|Publisher||Chapman & Hall|
|Text||Modern Love at Wikisource|
Modern Love by George Meredith is a sequence of fifty 16-line sonnets about the failure of a marriage, an episodic verse narrative that has been described as "a novella in verse". Earlier working titles for the sequence were "The Love-Match" and then "The Tragedy of Modern Love". It first appeared in 1862 as part of the volume Modern Love and Poems of the English Roadside, published by Chapman & Hall, and then thirty years later, with slight modifications, from Macmillan.
Modern Love reflects in part Meredith's own disillusionment after his wife Mary Ellen, the widowed daughter of Thomas Love Peacock, left him for the painter Henry Wallis and had a child by him. The poem was not written until after her death in 1861, however, and cannot be regarded as autobiographical. Though it may depend emotionally on past feelings, details in the story-line differ in many respects from the biographical experience of both Meredith and his wife. In the poem the couple realise that their marriage is not working but jointly make a social pretence that suggests otherwise. Afterwards, and separately, they become sexually involved outside the marriage but eventually come together again. When this effort to repair the relationship fails, the wife poisons herself.
Meredith described his work to a correspondent as "a dissection of the sentimental passion of these days". It appeared in the context of other large-scale Victorian depictions of contemporary relationships, such as Elizabeth Barrett Browning's Aurora Leigh (1856) and Coventry Patmore's The Angel in the House (1854/1862). In his 1891 bibliographical reprint of Meredith's poem, however, what seemed significant to Thomas Bird Mosher was that it had followed shortly after mediaevalising works like William Morris's The Defence of Guinevere (1858), Algernon Charles Swinburne's verse dramas The Queen-Mother and Rosamond (1860) and Dante Gabriel Rossetti's translations of The Early Italian Poets (1861). But Meredith seems to occupy a middle ground, for while his story of the failing marriage is set in the present day, his poetic form, his frequent archaisms, the ironical address with which he ends sonnet 30 – "Lady, this is my Sonnet to your eyes" – all call to mind the Elizabethan amatory sequence. And this, in the eyes of one female critic, is evidence of the masterly way in which Meredith matches form to content throughout the poem "by a recurrent opposition of sincerity to artifice".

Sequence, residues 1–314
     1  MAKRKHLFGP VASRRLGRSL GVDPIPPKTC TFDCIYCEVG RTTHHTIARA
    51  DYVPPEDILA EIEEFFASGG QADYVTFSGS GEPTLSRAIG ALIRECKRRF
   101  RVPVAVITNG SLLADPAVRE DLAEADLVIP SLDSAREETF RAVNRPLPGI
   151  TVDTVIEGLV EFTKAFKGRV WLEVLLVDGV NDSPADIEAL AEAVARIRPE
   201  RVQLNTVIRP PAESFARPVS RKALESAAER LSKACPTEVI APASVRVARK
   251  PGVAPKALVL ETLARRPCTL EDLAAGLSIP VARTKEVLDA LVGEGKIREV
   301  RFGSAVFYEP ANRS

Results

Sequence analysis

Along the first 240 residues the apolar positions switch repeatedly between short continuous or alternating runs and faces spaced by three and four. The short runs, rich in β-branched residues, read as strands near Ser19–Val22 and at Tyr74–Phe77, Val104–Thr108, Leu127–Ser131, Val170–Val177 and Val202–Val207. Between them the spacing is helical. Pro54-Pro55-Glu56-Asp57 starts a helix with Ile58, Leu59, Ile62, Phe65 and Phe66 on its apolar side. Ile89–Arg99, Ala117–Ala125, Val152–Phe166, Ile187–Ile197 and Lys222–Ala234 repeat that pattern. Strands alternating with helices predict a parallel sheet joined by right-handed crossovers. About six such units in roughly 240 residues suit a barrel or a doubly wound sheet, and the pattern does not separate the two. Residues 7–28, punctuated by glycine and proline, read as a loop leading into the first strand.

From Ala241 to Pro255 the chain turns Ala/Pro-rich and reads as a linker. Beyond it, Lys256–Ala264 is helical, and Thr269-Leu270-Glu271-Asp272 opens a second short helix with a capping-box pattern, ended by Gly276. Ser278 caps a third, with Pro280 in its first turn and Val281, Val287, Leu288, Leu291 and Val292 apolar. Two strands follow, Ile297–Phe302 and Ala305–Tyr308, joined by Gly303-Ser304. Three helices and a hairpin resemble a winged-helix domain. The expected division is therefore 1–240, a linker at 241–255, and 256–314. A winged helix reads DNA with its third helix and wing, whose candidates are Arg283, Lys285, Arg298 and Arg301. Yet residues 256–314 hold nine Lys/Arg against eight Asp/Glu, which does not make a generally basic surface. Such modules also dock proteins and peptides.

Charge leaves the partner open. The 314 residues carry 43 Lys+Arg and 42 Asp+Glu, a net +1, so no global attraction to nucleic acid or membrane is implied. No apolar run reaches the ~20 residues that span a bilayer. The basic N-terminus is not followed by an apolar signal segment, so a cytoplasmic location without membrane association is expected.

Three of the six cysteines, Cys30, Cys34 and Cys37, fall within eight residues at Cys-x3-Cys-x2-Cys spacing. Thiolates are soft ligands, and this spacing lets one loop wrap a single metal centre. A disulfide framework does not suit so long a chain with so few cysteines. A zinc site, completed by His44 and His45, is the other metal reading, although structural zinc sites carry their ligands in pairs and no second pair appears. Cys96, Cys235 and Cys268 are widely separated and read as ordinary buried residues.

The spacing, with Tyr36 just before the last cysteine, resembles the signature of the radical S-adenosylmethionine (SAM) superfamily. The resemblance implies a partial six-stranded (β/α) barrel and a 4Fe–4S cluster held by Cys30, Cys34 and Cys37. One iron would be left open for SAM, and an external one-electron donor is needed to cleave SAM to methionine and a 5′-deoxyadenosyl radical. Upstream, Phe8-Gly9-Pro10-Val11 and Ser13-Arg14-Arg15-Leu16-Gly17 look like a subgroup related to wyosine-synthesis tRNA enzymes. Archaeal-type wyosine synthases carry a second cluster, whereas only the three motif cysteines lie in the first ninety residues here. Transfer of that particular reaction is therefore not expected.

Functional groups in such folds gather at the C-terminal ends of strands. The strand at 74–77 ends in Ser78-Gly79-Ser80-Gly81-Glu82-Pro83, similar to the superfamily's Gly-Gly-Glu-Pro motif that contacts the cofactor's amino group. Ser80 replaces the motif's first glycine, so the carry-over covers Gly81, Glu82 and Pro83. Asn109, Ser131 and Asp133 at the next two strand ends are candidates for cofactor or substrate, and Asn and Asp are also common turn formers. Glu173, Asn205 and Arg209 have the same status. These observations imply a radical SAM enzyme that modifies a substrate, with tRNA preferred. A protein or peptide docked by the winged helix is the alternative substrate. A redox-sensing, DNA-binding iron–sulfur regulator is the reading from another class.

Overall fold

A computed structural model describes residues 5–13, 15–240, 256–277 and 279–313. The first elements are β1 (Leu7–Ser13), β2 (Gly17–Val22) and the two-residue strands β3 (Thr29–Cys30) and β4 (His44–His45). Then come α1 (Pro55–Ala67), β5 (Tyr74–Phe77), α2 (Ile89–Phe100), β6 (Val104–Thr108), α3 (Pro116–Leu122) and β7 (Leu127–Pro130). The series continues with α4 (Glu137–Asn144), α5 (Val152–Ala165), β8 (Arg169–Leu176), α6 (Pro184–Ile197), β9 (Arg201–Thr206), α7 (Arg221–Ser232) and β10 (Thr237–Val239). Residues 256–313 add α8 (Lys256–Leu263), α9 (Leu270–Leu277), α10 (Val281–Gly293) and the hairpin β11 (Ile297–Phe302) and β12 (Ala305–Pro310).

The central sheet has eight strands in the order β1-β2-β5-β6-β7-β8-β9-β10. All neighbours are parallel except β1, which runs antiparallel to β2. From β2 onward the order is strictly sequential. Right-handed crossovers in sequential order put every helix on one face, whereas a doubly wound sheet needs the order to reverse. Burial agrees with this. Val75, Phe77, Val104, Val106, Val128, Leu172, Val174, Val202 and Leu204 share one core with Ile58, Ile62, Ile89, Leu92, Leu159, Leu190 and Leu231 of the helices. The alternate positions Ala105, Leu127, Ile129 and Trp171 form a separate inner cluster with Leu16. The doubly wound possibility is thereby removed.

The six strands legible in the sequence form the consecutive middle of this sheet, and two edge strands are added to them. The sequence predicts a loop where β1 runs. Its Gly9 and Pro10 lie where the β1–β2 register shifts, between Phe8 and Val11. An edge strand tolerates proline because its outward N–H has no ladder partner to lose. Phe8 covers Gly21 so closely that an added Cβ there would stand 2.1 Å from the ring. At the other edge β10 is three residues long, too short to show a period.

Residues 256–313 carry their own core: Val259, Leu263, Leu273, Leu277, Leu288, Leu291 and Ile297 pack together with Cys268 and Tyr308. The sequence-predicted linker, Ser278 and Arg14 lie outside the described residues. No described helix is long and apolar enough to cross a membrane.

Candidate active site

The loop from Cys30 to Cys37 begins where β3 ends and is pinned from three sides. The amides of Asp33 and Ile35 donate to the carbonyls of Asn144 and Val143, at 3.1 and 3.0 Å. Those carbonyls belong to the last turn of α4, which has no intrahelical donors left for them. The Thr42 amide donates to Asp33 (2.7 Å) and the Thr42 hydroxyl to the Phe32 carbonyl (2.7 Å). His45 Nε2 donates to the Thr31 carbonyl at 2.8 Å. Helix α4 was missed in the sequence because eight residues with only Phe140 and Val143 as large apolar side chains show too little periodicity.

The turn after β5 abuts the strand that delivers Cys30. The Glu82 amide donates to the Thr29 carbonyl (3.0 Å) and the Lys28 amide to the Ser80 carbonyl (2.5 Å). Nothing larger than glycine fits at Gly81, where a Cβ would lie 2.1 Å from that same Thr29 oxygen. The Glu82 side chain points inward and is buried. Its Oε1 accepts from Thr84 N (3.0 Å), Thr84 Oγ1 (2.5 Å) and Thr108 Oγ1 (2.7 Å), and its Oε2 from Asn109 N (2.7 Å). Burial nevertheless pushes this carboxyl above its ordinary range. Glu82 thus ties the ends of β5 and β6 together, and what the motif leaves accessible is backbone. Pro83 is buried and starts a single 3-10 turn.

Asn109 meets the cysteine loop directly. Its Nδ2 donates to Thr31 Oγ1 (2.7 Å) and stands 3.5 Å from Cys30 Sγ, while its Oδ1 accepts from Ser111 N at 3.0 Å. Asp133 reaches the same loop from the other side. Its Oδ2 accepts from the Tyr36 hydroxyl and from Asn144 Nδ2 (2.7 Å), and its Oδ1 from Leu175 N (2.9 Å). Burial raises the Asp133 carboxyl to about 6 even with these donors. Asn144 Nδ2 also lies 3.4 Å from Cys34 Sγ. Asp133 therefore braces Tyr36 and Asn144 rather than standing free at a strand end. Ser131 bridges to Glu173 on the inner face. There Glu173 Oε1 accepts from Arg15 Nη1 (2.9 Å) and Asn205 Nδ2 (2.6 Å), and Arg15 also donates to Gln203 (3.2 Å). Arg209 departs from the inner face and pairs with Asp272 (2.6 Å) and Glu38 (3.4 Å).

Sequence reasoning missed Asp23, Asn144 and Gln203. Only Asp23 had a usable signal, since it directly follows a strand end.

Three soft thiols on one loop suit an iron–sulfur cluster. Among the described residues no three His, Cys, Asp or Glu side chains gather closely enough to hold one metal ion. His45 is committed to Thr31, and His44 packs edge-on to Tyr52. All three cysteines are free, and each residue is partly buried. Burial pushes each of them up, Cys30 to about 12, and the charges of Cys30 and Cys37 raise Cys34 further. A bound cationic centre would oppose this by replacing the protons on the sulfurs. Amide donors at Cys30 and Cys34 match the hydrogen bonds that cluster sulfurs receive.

In form, each 'sonnet' comprises four sets of internally rhyming quatrains, where the final quatrain either sums up the poem's drift or else serves as a turning point that takes the meaning in a new direction. In this way it corresponds roughly to the final couplet of the conventional Shakespearian sonnet. It was suggested to Meredith at the time that the form was modelled on the Italian caudate sonnet and, although he was dismissive of this attempt to find an orthodox ancestry for his work, the possibility continues to be discussed. Rather than continuity, the poet's theme is disruption within the marriage and this is further mirrored in disruption of the normal iambic pentameter within lines, especially by breaking up the narrative with frequent caesuras and enjambing the sense over lines.
Often ambiguous in any case, the meaning is made harder to follow because of the confusion over whether it is the voice of the narrator or the husband's inner dialogue we are hearing. A further level of ambiguity occurs in the different linguistic registers of wording, often in close proximity to each other, which make the author's intention unclear. In the third quatrain of sonnet 50, for example, the archaic word 'dole' in the line "Deep questioning, which probes to endless dole," is followed immediately by the alliterating colloquialism of "Ah, what a dusty answer gets the soul": a prosaic response to the poetic. In similar fashion, the "tragic hints" thundering oceanically in the final stanza leave no more than a "faint thin line upon the shore".